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Low Water Pressure

What if there is no pressure at my faucet?

Frequently what is perceived as a lack of pressure is really a reduction in volume. This is an important distinction. Pressure will be consistent through out your plumbing system and is rarely low through out the house. This can be easily tested with an inexpensive gauge form your hardware store, sold usually near sprinkler system parts. Testing is done by screwing the gauge onto a hose bib (normal pressure will be between 55 and 75 psi.).

On the other hand low volume can be specific to an individual plumbing fixture or through out the entire plumbing system.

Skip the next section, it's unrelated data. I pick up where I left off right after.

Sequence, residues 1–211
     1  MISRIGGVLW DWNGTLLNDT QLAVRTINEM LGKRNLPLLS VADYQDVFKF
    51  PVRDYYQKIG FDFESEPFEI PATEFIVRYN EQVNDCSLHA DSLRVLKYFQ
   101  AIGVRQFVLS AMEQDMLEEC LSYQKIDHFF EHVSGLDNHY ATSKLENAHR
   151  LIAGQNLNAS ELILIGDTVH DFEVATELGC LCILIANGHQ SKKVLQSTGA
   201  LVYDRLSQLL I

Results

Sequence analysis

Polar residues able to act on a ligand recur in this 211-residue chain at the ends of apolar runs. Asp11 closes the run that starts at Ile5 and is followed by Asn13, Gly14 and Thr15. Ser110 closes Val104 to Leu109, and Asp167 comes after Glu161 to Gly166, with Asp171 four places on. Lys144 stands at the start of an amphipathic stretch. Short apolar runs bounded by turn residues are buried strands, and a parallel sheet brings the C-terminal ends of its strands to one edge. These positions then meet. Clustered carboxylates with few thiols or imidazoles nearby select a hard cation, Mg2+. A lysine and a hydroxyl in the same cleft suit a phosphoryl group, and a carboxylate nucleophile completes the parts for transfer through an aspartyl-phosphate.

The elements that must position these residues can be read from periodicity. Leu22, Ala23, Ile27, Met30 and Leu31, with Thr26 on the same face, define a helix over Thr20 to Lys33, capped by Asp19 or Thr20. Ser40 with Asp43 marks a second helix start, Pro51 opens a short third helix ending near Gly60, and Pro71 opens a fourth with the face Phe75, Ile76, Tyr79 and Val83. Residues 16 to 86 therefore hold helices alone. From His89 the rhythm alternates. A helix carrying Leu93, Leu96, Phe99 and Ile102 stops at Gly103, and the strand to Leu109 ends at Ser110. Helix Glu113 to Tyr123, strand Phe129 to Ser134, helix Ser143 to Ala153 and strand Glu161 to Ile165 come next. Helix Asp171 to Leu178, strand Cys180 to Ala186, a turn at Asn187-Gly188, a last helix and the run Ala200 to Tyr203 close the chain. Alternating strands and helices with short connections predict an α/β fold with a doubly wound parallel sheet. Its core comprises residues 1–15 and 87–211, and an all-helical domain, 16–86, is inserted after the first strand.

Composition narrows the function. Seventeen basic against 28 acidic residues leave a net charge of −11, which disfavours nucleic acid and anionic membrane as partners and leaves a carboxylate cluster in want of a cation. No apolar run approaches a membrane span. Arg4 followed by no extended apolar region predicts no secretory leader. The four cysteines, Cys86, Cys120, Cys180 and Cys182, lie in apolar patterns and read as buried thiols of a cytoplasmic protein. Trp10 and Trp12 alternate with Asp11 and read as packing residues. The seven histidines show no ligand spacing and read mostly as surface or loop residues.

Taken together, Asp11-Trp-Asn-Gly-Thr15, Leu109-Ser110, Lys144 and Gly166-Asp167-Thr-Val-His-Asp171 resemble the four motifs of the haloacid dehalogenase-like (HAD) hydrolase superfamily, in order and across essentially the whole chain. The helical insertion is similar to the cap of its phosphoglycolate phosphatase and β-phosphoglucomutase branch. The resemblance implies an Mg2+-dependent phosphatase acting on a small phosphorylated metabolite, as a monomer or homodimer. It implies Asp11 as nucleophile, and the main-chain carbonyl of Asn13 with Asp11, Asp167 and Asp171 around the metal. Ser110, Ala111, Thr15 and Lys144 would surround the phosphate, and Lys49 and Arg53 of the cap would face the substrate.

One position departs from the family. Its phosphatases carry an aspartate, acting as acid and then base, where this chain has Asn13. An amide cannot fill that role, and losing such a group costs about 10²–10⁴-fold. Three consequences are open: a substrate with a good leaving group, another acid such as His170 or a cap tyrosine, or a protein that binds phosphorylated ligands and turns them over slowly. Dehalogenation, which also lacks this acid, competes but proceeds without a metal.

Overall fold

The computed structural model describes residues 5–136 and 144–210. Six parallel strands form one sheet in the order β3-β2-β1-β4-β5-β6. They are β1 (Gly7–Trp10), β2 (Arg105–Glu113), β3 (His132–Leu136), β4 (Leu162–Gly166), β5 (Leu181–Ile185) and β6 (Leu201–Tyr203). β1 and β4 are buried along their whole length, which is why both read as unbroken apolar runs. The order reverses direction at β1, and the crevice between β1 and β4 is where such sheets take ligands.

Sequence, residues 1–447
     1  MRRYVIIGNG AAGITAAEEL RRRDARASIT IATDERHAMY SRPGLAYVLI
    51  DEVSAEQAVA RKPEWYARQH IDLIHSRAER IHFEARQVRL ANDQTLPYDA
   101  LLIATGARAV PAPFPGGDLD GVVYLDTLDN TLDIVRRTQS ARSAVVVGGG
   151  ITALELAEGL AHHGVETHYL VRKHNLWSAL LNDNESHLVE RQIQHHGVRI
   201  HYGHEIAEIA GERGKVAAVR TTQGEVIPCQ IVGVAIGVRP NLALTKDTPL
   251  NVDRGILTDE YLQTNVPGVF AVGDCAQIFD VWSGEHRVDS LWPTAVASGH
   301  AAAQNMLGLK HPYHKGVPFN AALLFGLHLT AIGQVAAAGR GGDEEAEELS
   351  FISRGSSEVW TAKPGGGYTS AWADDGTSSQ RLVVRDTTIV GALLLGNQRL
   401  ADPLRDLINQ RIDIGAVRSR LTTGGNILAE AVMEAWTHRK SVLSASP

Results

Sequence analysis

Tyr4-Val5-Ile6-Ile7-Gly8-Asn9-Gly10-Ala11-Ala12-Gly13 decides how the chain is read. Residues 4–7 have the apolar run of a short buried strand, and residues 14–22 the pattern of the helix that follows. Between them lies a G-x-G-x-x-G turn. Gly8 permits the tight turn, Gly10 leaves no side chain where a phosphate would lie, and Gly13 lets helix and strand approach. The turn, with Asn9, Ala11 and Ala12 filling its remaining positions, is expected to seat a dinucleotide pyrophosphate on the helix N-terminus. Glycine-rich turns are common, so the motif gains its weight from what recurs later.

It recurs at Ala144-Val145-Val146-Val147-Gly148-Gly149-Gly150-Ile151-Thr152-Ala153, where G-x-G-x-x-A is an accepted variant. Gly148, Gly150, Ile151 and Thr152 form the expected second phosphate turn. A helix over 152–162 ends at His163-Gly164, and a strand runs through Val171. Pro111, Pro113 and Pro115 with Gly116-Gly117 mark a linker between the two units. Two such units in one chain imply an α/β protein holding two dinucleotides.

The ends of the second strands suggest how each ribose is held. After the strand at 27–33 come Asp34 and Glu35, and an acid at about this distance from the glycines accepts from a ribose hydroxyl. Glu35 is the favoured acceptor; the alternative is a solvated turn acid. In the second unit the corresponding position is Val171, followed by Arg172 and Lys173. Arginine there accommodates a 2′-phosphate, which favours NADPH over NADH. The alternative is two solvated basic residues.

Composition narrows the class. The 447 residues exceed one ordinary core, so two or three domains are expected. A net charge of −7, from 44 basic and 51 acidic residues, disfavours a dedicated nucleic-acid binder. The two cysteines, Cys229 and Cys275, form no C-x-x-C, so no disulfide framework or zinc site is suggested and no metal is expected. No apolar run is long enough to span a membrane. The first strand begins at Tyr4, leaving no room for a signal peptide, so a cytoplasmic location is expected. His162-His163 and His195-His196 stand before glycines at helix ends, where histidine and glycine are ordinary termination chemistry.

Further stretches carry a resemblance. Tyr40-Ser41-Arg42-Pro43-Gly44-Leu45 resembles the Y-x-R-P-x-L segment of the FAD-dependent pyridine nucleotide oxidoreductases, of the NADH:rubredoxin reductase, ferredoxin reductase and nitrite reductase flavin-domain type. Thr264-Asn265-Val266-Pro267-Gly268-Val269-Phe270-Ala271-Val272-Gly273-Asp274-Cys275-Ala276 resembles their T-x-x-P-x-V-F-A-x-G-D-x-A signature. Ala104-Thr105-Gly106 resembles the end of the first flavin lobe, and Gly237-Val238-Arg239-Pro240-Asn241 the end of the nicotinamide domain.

If both hot and cold water are affected in only some of the faucets, probably the aerator is congested with rust and corrosion. The aerator is located on the end of the faucet spout to introduce air into the water as it come out of the faucet. On newer faucets, it also restricts the water flow.

You should be able to remove the aerator by hand. Disassemble all the parts, being especially careful to lay the parts out in the order they are removed. Clean the rust or corrosion from each part and reassemble in exact order. If that doesn’t work, the problem may be in the faucet or the plumbing system and you should call your plumber.